12. Poolside Milkshakes. Most ships do free soft-serve ice cream, but Oceania Cruises steps it up a notch with three flavors of milkshakes (vanilla, chocolate and strawberry) made to order by the pool deck. The ambience is way nicer than a diner, but the treat is just as tasty.
13. Outdoor Movies. The flicks may not be first-run, but admission is free, and you can bring in treats from your cabin or the buffet without having to smuggle them under your jacket. Lido Deck movie screens are even more romantic than the real deal, with prime viewing from the pool by day and on snuggly loungers covered with warm blankets (and popcorn!) at night.
14. Climbing the Mast. Tall ship line Star Clippers lets you embrace your inner pirate by allowing passengers to climb one of the masts up to a crow’s nest lookout. As you sway gently, high above the ocean, you’ll get one-of-a-kind views — if your eyes aren’t shut tight in acrophobic terror. (Don’t worry though: the line doesn’t let anyone climb without a harness.)
15. People-watching. There is no better free entertainment than positioning a chair in a high-traffic zone on the pool deck, promenade or atrium and watching the antics of your shipmates. From fashion snafus to bizarre behavior and juicy conversations overheard, what you witness on a cruise ship can rival the best reality TV.
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17. Broadway Onboard. In the mood to see a Broadway show without paying Broadway ticket prices? You’re in luck. Check out “Hairspray” on Royal Caribbean’s Oasis of the Seas, “Chicago” on Allure of the Seas, “Saturday Night Fever” on Liberty of the Seas, “Rock of Ages” on Norwegian Breakaway or “Legally Blonde: the Musical” on Norwegian Getaway. You can also catch West End and TV stars such as illusionist Derren Brown and classical singing star Russell Watson. And the best thing about this entertainment? — it’s all gratis.
18. Bathrobes for All. Carnival takes a proletariat approach to cabins — there are no 1,000-square-foot suites with baby grand pianos on the Fun Ships. And everyone, from the inside cabin occupier to the passenger in the modest-sized suite, gets a bathrobe. Who is to decree that only cruisers with money should be able to spend their post-shower moments in comfort? Not Carnival. (Note: Holland America also provides robes to all.)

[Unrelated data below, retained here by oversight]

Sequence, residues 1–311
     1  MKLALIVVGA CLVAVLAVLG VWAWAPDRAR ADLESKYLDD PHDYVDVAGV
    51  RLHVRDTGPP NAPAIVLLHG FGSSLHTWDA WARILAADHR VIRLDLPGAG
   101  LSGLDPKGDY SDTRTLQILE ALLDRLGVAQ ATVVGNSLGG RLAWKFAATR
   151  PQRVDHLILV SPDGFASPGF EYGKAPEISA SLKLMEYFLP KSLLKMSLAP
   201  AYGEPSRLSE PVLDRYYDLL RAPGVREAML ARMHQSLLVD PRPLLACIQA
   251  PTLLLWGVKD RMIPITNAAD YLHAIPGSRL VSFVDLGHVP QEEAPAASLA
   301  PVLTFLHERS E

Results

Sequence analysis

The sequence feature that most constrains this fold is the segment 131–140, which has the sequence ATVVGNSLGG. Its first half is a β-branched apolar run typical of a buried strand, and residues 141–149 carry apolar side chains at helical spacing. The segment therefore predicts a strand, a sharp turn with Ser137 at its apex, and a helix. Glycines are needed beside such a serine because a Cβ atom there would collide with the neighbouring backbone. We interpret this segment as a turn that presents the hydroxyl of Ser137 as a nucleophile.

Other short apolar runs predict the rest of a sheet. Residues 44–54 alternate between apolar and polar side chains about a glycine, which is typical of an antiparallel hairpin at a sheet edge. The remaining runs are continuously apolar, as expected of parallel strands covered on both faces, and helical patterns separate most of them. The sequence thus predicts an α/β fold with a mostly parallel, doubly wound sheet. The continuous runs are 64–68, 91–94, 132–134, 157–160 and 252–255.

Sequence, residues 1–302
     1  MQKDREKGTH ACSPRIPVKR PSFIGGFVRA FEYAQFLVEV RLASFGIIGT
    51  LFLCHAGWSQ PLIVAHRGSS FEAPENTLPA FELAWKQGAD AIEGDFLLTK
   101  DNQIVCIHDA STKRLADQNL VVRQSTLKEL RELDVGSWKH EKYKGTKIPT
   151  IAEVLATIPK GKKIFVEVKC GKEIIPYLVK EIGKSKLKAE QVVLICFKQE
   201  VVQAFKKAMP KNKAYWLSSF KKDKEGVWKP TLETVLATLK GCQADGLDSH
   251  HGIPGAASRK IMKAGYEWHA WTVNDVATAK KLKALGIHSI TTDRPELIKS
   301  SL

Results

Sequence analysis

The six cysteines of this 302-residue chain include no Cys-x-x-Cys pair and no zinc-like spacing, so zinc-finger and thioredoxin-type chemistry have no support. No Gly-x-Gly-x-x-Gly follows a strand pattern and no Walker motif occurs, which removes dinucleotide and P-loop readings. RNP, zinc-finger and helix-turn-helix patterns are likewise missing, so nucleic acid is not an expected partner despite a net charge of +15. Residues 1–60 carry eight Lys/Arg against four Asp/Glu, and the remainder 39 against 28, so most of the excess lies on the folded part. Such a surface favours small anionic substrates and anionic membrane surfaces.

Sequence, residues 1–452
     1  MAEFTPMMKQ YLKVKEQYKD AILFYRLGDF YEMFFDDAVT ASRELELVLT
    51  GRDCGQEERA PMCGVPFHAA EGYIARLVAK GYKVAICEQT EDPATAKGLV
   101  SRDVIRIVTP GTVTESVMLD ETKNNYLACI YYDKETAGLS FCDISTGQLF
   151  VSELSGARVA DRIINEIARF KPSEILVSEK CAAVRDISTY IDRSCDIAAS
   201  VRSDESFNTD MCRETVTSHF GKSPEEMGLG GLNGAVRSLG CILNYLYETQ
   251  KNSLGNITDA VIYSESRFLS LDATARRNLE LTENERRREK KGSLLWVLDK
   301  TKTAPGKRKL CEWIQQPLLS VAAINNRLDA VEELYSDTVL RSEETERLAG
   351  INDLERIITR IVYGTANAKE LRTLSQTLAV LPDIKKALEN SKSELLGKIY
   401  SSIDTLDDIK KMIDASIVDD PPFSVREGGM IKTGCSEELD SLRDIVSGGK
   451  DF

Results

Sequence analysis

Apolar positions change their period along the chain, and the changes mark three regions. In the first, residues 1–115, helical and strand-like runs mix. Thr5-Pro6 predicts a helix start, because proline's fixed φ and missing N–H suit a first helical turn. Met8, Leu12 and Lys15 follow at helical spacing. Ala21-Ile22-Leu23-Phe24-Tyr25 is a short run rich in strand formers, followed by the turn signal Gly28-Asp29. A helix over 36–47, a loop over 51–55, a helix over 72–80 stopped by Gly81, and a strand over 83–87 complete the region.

19. Coronary Burgers. If you’re craving a complimentary heart attack on a bun, give one (or several) of Guy Fieri’s burgers a try at Guy’s Burger Joint. This fee-free venue will be added to the pool decks of 14 Carnival ships through 2015, offering burgers on buttered buns with a choice of toppings like blue cheese crumbles, onion rings and chipotle mayonnaise.
20. Mini-Golf. For anyone who wants to avoid crowds and catch some sun without lazing by the pool, top-deck mini-golf is a great option — and it’s free. Offered on some Royal Caribbean, Carnival, Disney, Princess and MSC ships, to name a few, the courses generally aren’t a full 18 holes, but they can still be challenging, as your putting will be affected by the ship’s movement. For an even more competitive twist, join a mini-golf competition, usually offered once per sailing.
–by the Cruise Critic Staff
Technology and the shipboard library
The ship’s library has always been a small but special part of the cruise experience. But for how much longer?
The library at sea, like libraries everywhere, is under siege by changing technology. And whether ships need to set aside space for libraries in the future is very much being debated as new ships are designed.
Carnival cruise director and blogger extraordinaire John Heald said in a recent posting that the library on the recent transatlantic crossing of the Carnival Legend was full of books.
“One thing all those transatlantic crossings had in common was that the library, by the end of the first sea day, sat entirely empty,” Heald wrote. “Here on the Carnival Legend, the bookcases are full.
“Yep, the book is dead, long live the Kindle. Every deck I walk on, I see young and old reading their Kindles.”
Even on an ocean crossing with presumably few younger, tech-savvy passengers on the manifest, the library remains fully stocked, Heald said: “Wherever I am, I see older people and their parents absorbed in their Kindles.”
Perhaps that’s just Carnival. Maybe the magnificent libraries on the Cunard Line fleet have emptier shelves on their Atlantic trips. But on most ships where space is at a premium, the library is an endangered species.
At the next major drydock nothing prevents a ship’s library from being converted to some other use. Heald suggested perhaps a cigar bar (a suggestion likely made for for comic effect, but maybe not.)
The trend is on display on Carnival Sunshine, the ship Carnival renovated from stem to stern earlier this year. While the library wasn’t eliminated or converted to another use, it now shares space with a bar.
Carnival is in the process of designing the next ship to set sail under its red and blue banner, the Carnival Vista. With Kindles in the hands of passengers young and old, it may well be the first Carnival ship without a library.
In his post Heald referred to a bookstore in Miami that he said was possibly a Borders, which he liked to visit when he comes to Miami. “It would not surprise me that, when I return there in November, it’s become a Walgreens or worse, a gym,” he wrote.
If in fact it was a Borders, it closed two years ago, along with the rest of the chain’s stores. The Borders on South Dixie Highway in Miami reopened last week as a Trader Joe’s specialty market.
At least it’s not a gym.